Vladimir Putin and his sycophants have recently started threatening the US with possible repossession of Alaska, which Tsar Alexander II sold to the US under the Alaska Treaty of Cessation in 1867.
But of course, Putin has no regard for treaties or other international agreements, such as the 1994 Budapest Memorandum, under which Russia guaranteed Ukraine’s security in exchange for Ukraine surrendering its former Soviet nuclear weapons to Russia.
The bombing of the Maternity Hospital No. 3 in Mariupol and the horrors of Yablunska Street in Bucha, among a litany of other atrocities committed by Russia in Ukraine, disambiguate Russia’s position on the Geneva Convention, if there had been any lingering doubts after Grozny and Aleppo.
Putin has been heralded as the ‘Great Chess Master’, but just as he failed to predict the response of the West and Nato to his invasion of Ukraine, he again seems not to have thought two moves ahead.
Is he really going to open the Pandora’s box that is historical territorial claims? That would seem remarkably myopic for the leader of a sprawling and now economically and militarily-crippled empire comprising well over 100 subjugated nationalities. Furthermore, it has potential land disputes with several powerful neighbours.
By his own logic, Turkey could claim Crimea, which the Ottomans lost through war to Catherine the Great, while Germany may wish to claim Kaliningrad Oblast, formerly East Prussia, which was lost to the Soviet Union at the end of World War II.
More worrying, Japan has recently revived its claim over the southern Kuril Islands, while there are also restive forces in China that lay claim to Vladivostok. But even more importantly, Russia just needs to stop behaving as the schoolyard bully.
Mullagh, Co Cavan
It’s that time of year again in Northern Ireland. Thousands of pallets, costing tens of thousands of pounds, have been gathered and will be erected to form leaning towers of hatred with flags and burning effigies atop.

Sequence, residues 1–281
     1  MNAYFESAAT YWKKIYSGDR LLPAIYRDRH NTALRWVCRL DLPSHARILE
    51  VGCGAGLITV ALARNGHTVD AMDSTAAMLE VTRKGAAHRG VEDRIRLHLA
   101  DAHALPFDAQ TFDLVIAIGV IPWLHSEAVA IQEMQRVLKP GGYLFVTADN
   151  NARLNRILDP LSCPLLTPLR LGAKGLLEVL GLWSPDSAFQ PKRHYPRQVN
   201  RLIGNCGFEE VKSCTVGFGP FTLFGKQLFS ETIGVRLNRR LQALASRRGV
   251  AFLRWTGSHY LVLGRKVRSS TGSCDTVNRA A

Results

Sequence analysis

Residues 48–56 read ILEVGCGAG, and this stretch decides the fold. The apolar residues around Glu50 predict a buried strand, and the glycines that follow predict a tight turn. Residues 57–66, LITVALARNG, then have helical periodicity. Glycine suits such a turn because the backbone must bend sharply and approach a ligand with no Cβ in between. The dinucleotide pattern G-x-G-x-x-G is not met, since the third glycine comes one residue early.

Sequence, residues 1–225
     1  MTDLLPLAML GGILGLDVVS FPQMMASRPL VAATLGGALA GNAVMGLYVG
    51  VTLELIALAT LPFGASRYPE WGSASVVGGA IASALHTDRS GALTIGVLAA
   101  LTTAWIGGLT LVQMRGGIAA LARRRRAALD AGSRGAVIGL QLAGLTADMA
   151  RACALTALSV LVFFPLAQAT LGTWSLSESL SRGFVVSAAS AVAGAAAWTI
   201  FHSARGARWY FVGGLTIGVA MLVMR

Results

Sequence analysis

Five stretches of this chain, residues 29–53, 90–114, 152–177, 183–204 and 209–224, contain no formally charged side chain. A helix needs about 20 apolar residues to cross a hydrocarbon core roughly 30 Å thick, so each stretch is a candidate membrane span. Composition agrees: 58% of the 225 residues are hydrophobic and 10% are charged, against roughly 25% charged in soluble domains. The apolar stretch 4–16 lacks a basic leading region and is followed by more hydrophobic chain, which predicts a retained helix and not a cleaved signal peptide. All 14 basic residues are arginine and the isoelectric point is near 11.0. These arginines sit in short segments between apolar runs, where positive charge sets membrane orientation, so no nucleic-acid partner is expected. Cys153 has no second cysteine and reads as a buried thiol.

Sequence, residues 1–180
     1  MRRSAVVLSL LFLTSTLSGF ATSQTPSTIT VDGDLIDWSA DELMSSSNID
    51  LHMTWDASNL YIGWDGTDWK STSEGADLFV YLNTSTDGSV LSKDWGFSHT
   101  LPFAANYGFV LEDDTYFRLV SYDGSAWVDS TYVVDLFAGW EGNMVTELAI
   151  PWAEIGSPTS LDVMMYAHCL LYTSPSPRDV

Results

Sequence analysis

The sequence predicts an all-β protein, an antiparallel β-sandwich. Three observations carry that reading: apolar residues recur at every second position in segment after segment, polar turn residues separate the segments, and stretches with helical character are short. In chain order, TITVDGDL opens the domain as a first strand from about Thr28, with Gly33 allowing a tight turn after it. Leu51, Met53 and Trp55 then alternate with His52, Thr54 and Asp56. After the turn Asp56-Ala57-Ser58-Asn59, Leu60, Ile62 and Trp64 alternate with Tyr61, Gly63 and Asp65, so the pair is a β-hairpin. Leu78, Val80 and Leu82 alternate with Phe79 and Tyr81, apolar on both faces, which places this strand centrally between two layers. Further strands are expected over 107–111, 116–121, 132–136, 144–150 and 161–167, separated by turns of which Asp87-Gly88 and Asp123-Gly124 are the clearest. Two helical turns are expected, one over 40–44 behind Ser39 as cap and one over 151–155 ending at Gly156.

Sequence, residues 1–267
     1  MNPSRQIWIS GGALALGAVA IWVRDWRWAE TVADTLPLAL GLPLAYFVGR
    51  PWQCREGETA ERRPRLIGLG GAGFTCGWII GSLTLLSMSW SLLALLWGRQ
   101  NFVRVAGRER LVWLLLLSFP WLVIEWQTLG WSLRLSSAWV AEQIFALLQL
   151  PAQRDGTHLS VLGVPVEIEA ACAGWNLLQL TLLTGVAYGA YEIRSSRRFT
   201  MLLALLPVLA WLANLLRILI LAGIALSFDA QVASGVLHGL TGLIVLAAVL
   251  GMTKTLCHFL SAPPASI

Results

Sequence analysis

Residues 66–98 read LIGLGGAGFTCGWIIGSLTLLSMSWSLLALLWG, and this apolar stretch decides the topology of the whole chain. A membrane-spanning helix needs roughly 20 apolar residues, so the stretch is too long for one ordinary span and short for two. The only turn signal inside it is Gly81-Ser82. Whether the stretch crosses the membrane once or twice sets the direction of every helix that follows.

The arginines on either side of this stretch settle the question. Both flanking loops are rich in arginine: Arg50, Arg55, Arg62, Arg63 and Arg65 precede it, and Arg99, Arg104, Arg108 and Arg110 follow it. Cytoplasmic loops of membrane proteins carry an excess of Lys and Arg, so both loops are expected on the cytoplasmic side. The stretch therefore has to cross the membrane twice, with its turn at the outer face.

Imagine if that time, energy, enthusiasm and money was spent building up civic spirit and good cross-commmunity relations?
Carrowmore, Co Sligo
Several questions must be raised about the annual stupidity of July 12 bonfires. As even reclaimed timber pallets cost about €4, these huge mounds must cost several thousands of pounds. Some new pallets are burnt too, which raises the figure considerably.
These timber mountains are built with absolutely no safety considerations, often in close proximity to houses or apartments, and this year one man died during construction of a very big bonfire.
Where are the police, fire officers and council workers when these monstrosities are being erected over the many weeks it takes to build the really large ones?
Why are nationalist effigies and the tricolour burnt without punishment? The answer to all of these, and other relevant questions is: It’s Northern Ireland, stupid!
Justice Minister Helen McEntee’s increased funding for the reduction of domestic violence will be seen in many quarters as some way towards reducing the risk of violence within the family household.
While Ireland ranks 93rd in the world for domestic and sexual violence, according to the United Nations Statistics Division, we cannot be laid-back in our approach to fighting this hidden scourge.
One approach to combat harm to women and children would be adopting legislation similar to that of ‘Clare’s Law’ in the UK. This would essentially allow people to request information on a partner from the police.
Women or partners concerned by the behaviour of their partner would be able to find out if they have a history of abusive behaviour.
If this was implemented, it would probably help reduce incidents of domestic or sexual violence.
Many women are afraid to progress their concerns through the court system. Others may withdraw for a variety of reasons, including lack of supports, concern for their children and promises made by an abusive partner that they will mend their ways.
By adopting a ‘Clare’s Law’ in this jurisdiction, it may go some way to protecting women or partners by give them the tools to make an informed decision.
Letterkenny, Co Donegal